A variation on the above theme is provided by the so-called multi-grooved or ribbed belt. In practice, this is still a V-belt, but with smaller, multiple "V" shapes placed side-by-side. The underside surface of the belt features endless parallel ridges designed to slot into mating grooves on the pulley to prevent sideways slippage. While this version of the V-belt is wider, it is also thinner, more flexible, and runs with less heat buildup. As load pressures increase on this type of V-belt, the rubber grooves wedge themselves further into the pulley and friction provides the necessary grip.
Several factors have come together to change the way motor vehicle engineers have designed accessory drive belts. There has been an increased demand on accessories which derive their power from drive belts. At the same time, as vehicles have gotten smaller, engine compartments have become more crowded. Packaging of mechanical components into constricted spaces has become an important part of overall vehicle design.
The above has led engineers to abandon the traditional V-belt in favor of the serpentine belt. A serpentine belt is simply a longer version of a grooved V-belt. It may or may not have grooves on both sides. Instead of being specific to a single accessory, a serpentine belt is designed to wind around multiple pulleys – powering all of the vehicle's pulley-driven accessories. Depending on design, both sides of the belt may provide friction. Freewheeling "idler pulleys" are positioned in various locations in order to reroute the belt in the direction of the next accessory.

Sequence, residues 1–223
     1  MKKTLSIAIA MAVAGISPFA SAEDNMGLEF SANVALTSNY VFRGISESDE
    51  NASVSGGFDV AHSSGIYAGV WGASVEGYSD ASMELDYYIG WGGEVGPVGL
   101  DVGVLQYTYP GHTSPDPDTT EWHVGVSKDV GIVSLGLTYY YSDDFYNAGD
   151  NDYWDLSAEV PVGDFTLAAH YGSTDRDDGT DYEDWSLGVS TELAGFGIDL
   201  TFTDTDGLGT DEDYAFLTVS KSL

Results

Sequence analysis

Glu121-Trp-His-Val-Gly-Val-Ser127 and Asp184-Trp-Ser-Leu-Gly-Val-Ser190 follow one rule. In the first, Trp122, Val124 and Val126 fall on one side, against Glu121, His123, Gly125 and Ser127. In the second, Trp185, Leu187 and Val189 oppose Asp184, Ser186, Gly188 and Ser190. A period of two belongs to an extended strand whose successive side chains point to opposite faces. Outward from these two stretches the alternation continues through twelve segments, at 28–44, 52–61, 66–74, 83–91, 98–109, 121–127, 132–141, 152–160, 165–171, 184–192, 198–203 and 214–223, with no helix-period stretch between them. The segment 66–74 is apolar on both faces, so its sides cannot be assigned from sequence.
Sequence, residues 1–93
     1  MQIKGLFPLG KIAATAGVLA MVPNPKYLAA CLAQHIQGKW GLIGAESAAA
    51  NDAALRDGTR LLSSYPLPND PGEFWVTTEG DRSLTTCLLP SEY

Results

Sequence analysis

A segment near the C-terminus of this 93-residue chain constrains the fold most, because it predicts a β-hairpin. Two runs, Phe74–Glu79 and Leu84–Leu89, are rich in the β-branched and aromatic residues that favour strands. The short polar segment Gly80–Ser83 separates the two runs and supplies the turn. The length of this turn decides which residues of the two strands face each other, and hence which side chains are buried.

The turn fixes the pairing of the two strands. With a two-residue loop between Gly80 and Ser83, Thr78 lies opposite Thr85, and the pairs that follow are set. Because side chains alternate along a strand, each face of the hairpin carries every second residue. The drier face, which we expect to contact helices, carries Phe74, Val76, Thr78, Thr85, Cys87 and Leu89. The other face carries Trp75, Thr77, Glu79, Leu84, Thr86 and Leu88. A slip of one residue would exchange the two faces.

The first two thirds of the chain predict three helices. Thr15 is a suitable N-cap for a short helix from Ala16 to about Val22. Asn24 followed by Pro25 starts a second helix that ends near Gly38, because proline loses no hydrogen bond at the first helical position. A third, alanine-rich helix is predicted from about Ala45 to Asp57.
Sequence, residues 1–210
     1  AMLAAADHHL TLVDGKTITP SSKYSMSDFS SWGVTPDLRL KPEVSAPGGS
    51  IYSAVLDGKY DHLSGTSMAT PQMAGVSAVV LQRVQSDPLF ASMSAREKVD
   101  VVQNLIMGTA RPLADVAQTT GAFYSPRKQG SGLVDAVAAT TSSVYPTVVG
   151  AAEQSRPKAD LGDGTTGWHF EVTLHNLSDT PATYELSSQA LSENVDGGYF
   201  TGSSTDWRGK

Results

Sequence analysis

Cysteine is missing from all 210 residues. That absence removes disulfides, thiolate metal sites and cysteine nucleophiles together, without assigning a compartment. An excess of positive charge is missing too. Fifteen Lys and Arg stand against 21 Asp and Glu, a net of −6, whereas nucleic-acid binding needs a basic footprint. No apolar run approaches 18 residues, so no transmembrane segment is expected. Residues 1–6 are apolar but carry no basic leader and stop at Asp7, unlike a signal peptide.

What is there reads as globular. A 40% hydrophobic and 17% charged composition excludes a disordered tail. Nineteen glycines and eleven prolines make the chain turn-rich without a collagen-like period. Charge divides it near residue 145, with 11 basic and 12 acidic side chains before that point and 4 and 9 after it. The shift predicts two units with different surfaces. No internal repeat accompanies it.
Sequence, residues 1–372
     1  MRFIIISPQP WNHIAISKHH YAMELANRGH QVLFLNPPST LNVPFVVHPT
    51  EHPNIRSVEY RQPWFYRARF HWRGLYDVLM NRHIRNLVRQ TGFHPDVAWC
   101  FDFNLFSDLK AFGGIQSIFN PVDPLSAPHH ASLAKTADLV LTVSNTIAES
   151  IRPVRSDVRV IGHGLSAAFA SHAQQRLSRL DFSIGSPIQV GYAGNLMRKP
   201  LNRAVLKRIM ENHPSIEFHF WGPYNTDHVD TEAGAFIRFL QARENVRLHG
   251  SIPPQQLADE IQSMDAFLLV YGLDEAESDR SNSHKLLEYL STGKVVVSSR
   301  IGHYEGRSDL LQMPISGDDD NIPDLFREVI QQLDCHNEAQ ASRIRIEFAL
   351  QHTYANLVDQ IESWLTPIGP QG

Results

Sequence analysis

Visible in this photo is a spring-loaded serpentine belt tensioner. This type of tensioner never needs adjustment and will release its tension when force is placed against it using proper hand tools if the belt needs to be removed or replaced.
Unlike individual belts, tension on serpentine belts is provided by a tensioner pulley which is under constant spring pressure. A serpentine belt tensioner never needs adjustment, and will release its tension when force is placed against it using proper hand tools if the belt needs to be removed or replaced.
Timing belts should not be confused with accessory drive belts. Unlike drive belts that run accessories mounted on the outside of the engine, timing belts are encased inside the engine. They feature flatter construction with molded teeth, designed to mate with the teeth on the crankshaft and camshaft drive gears.
A spring-loaded pulley provides constant tension to ensure that this belt remains slip-proof so it maintains a fixed relationship among the gears for camshaft timing. Because of their necessity in engine operation, all timing belts have a fixed replacement interval (determined by the manufacturer.) Auxiliary drive belts are checked for wear and replaced when necessary.
Purchasing Replacement Accessory Belts
Whether it is sometimes referred to as a fan belt, alternator belt, or water pump belt, it is most properly called an accessory drive belt, V belt, or serpentine belt. Each vehicle has its own belt configuration, depending on its engine and optional accessories. When purchasing replacement belts, it is important to know your vehicle's year, make, and model, engine size, and in some cases, whether it is equipped with certain accessories such as air conditioning.
Knowing these few facts ahead of time is key to ensuring that you purchase the proper belt!